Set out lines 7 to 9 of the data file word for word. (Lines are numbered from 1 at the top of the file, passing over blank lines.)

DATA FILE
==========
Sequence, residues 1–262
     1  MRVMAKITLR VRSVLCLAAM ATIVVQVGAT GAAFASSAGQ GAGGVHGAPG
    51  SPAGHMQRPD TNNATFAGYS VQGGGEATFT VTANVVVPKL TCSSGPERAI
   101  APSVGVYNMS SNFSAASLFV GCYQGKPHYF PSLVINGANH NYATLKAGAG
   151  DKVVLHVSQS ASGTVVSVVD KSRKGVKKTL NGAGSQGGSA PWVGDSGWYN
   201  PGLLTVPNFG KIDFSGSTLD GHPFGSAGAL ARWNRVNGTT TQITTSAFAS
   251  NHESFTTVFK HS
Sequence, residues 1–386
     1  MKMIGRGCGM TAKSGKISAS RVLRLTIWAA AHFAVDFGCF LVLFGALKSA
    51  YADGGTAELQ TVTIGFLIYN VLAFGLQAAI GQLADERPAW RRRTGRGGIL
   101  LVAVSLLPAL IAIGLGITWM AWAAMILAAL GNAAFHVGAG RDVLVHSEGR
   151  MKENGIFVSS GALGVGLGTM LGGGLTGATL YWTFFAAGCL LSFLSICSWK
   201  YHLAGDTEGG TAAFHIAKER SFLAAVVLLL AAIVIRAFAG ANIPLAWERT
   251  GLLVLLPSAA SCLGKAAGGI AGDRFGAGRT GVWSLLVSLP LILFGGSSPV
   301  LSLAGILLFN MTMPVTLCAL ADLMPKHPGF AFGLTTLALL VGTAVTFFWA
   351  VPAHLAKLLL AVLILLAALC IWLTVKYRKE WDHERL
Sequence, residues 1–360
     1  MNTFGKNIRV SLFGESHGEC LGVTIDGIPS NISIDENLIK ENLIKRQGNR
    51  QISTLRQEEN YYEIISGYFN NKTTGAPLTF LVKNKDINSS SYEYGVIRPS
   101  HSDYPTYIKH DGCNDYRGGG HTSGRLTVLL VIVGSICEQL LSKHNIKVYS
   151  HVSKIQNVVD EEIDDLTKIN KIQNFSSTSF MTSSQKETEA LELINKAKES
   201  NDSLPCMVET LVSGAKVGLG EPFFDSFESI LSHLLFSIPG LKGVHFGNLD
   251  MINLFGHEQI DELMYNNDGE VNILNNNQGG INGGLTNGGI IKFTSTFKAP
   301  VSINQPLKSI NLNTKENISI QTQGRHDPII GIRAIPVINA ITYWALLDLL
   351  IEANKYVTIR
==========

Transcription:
   251  NHESFTTVFK HS
Sequence, residues 1–386
     1  MKMIGRGCGM TAKSGKISAS RVLRLTIWAA AHFAVDFGCF LVLFGALKSA